National Catholic Reporter

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Celibacy a deal-breaker for some Anglicans

VATICAN CITY -- While Pope Benedict XVI hopes to encourage conversions by allowing disaffected Anglicans to continue to use traditional forms of worship, the Catholic tradition of celibate clergy may be an insurmountable obstacle for some potential converts.

The Vatican announced Tuesday (Oct. 20) that it will create new national dioceses tailored to Anglicans upset with their church's growing acceptance of homosexuality and female clergy. The dioceses will feature not only distinctively Anglican music and prayers, but also the trait that till now has most conspicuously distinguished Anglicanism from Roman Catholicism: married priests.

But the provision for married clergy, which the Catholic church has made on a limited basis since at least the 1980s, remains a qualified one. Only unmarried men will be eligible to serve as bishops in the new dioceses, the Vatican said, consistent with a "long historical tradition” in both the Catholic and Orthodox churches.

Other details of the new rules remain unclear pending their still-unscheduled publication, but Cardinal William Levada, head of the Vatican's doctrinal office, suggested on Tuesday that the new dioceses will not ordain married men unless they have already started their preparation in Anglican seminaries, or permit unmarried priests to take wives after ordination.

For some potential converts, those qualifications are a deal breaker.

"I find the lack of a permanent provision for a married priesthood to be a serious obstacle to unity,” said Anglican Bishop Jack Iker of Fort Worth, Texas, who has considered joining the Catholic church in the past.

Whether or not it manages to entice many Anglicans, however, the pope's limited easing of the celibacy requirement is sure to exacerbate controversy over the issue among Catholics, Levada acknowledged.

"I think for some people it seems to be a problem," the cardinal said Tuesday, "because as you know there have been many Catholic priests who have left the priesthood to get married, and the question arises, `well, if these former Anglicans can be married priests, what about us?"'

Levada emphasized the difference between married Anglican men who heard a "call to the service of their church" before converting, and "Catholic men who knowingly commit to a celibate priesthood and then decide for whatever reasons ... that they want to leave the priesthood in order to have a married life."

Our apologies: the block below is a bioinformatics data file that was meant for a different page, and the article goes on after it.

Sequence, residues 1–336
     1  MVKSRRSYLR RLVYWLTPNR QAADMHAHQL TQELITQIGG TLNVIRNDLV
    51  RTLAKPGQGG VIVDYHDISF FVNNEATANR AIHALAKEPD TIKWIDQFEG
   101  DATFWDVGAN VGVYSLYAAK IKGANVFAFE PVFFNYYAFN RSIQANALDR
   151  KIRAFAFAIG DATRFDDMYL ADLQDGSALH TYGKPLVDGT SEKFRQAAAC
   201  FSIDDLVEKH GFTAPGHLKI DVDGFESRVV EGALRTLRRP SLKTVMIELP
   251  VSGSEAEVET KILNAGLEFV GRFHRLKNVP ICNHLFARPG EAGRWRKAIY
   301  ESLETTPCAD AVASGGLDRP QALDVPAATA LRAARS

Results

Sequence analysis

The Vatican's announcement has already encouraged some commentators who argue for married clergy as a solution to many of the Catholic church's most grievous problems, including clerical sexual abuse of children and a severe shortage of priests in Europe, the United States and Latin America.

Yet one informed observer believes that any changes in that direction will come only gradually, and not as a consequence of an Anglican influx.

"If there's to be a broader change on celibacy, it won't come from ideological pressure groups in the West," said John L. Allen, Jr., senior correspondent for the National Catholic Reporter and author of the forthcoming book, "The Future Church."

More likely, said Allen, is that bishops in underdeveloped countries with underserved flocks will ask the Vatican for permission to resume an ancient Catholic tradition by ordaining married laymen of proven character.

Allen noted, however, that experience with a married priesthood does not necessarily favor the practice. Bishops in the Eastern Rite Catholic churches, whose parish priests are typically married, "are among the biggest fans of celibacy," he said.

"If they've got a guy who's a disaster and they want to yank him out of his assignment, they also have to worry about his wife's job and their kids' schools," Allen said. "Bishops with a celibate (priesthood) don't face those headaches."

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